I don’t know if you were reading my WordPress posts two years ago. If you were with me in June, 2018, you saw a man collapsing. I had just started riding my bicycle across Canada with seventeen other Tour du Canada cyclists. Aerobically I was in pretty good shape but my bike skills were woeful. I had ignored the advice from the Tour’s organizer: take a cycling skills course.
Within the first three days of the ride, I crashed three times and was continually terrified of the semitrailers passing within three metres of me. I couldn’t make the slow motion moves that were needed in downtown Vancouver traffic. Near Abbotsford, B.C., I misjudged the speed of a hillside left-turning car and just about had it all end.
I spent two nights in a hotel with my bicycle propped against the wall. My hands shook, and they kept shaking for two weeks. “I’ll never ride again.”
Now it’s two years later. I still have remnants of the PTSD but they’re mild. A friend recommended I look at a video of a Bob Newhart TV sketch. A woman comes in for counselling since she’s terrified of being buried alive in a box. Bob says he’ll give her two words and then the therapy session will be over. She pulls out a notepad. Bob leans forward over his desk … and yells “Stop it!”
Woh. What? No months of therapy to deal with my now deepseated agony about being on the bicycle? No reliving my fear of impending death? No “processing” my life?
Okay. I went to my bike shop a couple of weeks ago. I had bought a more stable bicycle than the one I rode in 2018. Wide knobby tires instead of narrow smooth ones. Inside me was a fluttering but also a strange calm. Step number one: show up at the shop and tell my friends (manager and employee) the true story of June, 2018. They listened. They didn’t turn their backs.
Step number two was four days ago: I put on my cycling jersey and shorts. (Scary) I had my friends put the new bike on a stand, and I got on. I gulped … but there I was on the saddle. I pedaled. I changed gears. My heart was fast. I agonized about how to get the bike going and how to stop it. (Which foot goes where?) I couldn’t remember. I blasted myself for not being able to remember. And then I calmed down. I made an appointment to come back yesterday and ride in the big parking lot behind the shop, with coaching from my friend. I went home.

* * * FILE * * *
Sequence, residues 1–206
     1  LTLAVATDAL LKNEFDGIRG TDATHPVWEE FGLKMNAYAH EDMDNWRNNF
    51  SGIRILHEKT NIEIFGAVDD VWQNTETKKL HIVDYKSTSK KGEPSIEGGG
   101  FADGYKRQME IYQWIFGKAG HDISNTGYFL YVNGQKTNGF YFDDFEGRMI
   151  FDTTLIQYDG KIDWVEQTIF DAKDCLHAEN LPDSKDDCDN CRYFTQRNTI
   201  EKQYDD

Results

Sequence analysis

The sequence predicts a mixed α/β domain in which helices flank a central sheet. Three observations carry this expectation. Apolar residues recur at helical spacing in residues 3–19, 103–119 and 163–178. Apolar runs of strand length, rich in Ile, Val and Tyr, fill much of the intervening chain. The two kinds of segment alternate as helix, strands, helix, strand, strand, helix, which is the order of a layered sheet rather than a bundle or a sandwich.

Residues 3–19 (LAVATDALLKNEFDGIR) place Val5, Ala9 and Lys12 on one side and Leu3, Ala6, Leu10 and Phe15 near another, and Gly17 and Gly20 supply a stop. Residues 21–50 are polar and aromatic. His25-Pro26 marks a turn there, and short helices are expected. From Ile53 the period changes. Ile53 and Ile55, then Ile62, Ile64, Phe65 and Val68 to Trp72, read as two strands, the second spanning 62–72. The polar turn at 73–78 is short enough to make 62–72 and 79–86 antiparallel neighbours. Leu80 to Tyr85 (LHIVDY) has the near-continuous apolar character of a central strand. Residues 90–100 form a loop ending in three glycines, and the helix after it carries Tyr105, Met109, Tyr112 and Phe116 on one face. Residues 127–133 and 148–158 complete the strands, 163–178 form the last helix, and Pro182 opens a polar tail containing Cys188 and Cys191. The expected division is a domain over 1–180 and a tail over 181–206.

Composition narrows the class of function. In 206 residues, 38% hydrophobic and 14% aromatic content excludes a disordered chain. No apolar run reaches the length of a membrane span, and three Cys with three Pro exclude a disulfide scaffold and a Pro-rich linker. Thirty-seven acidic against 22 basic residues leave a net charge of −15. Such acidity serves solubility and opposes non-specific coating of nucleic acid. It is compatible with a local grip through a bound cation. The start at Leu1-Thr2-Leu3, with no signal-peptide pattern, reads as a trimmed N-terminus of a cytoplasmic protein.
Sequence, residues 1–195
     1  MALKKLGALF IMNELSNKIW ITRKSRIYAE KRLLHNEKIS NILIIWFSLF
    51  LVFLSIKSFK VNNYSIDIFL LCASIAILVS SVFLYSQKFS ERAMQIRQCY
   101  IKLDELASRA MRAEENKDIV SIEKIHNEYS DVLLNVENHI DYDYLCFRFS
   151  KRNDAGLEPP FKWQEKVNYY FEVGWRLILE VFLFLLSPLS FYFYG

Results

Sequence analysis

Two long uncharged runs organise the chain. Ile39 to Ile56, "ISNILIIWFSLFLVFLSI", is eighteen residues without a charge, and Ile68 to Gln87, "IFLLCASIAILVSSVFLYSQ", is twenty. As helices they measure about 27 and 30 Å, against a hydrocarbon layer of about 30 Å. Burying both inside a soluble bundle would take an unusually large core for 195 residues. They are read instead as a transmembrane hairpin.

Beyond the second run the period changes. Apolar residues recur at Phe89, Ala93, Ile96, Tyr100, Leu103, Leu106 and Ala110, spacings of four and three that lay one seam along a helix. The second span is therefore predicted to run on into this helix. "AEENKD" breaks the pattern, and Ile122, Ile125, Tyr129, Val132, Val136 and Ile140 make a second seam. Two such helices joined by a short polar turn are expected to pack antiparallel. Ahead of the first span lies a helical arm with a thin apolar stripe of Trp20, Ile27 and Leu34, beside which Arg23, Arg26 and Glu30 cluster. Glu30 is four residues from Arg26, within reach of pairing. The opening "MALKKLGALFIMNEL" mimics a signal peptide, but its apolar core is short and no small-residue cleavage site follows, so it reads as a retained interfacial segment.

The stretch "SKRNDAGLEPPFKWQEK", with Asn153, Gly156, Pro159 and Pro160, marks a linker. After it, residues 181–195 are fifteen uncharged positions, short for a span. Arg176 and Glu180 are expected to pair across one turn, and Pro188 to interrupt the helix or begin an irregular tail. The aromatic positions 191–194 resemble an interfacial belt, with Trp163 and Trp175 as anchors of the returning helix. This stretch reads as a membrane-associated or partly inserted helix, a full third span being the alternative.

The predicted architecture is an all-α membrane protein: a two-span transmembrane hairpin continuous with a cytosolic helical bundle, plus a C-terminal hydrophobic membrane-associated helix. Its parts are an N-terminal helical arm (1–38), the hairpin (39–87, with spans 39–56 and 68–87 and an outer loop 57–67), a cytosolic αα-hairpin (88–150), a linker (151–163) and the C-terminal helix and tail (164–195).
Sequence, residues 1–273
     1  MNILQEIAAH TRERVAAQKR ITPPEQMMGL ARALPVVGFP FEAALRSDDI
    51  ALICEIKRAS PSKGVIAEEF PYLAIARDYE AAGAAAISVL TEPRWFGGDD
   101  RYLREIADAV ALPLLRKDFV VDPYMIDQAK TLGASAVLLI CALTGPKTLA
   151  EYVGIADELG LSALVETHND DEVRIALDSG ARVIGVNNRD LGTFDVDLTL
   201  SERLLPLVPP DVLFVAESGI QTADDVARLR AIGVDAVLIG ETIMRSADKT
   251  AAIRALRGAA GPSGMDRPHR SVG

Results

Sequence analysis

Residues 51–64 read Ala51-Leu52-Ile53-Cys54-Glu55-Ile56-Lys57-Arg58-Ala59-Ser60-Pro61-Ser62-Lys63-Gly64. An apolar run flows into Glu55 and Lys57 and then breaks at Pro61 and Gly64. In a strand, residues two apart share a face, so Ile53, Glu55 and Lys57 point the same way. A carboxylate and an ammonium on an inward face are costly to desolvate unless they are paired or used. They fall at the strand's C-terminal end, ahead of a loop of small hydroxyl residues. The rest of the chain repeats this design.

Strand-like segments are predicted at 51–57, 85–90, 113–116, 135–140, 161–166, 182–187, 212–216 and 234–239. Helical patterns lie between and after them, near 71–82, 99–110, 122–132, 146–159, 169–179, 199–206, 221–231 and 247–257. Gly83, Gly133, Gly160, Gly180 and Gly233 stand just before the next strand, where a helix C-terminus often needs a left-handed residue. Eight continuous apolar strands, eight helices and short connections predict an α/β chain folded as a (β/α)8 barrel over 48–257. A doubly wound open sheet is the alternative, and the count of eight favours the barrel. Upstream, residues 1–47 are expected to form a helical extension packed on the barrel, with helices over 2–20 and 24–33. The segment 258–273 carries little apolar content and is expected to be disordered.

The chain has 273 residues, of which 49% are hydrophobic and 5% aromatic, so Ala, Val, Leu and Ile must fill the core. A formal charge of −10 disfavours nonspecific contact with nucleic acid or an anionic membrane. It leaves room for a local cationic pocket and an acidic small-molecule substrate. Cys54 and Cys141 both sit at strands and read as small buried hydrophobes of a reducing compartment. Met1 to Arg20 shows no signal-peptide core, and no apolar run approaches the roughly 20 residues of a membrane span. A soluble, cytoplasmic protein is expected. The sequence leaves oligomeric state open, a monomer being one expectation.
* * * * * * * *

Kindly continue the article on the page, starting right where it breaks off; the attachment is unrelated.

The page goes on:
“Just stop it, Bruce!”
Yesterday came. I hadn’t slept much. The two of us moseyed out back with my bicycle, “Betty” by name. I tried squeezing out love for her but nothing came. My friend showed me how she gets on and off a bicycle. I got the “on” part but was still jangled by the “off”.
And then it was time for me. “I’m actually doing this” inside. Left foot on the ground, Right leg swung over the bike. Right foot on pedal, up high so I could push down mightily. “A ten-year-old kid knows how to do this!” > “Stop it!”
Push. I was up. I was going. “I didn’t catch my shorts on the saddle!” (Something I’ve done so many times in the past) Feeling Betty. Feeling the sensitivity of the brakes. A swooping left turn. The mouth opening in wonder.
And then the dark: “Which foot do I put down?” I just couldn’t remember. I decided the right one. Wrong choice. Brakes touched. Bike slowing … then lurching to the right as my right foot sought the pavement. I hopped. I stayed up. And I had my answer: left foot down.
Another few loops of the lot. “I can do this.” Brakes squeezed. Left foot down before I was going slow enough to do that. Another hop, but a good one this time. Going again, my friend watching with a little smile. Braking … slower … body lean to the left … foot falling through space … a gentle press on the pavement. Sweet.
There is much more skill needed. And I have time to do that. Betty and I have become friends. We will go places together.
My mind is being freed. My eyes face outward, seeing the unknown bends in the road rather than gazing at my belly button.
“Well done, Bruce.”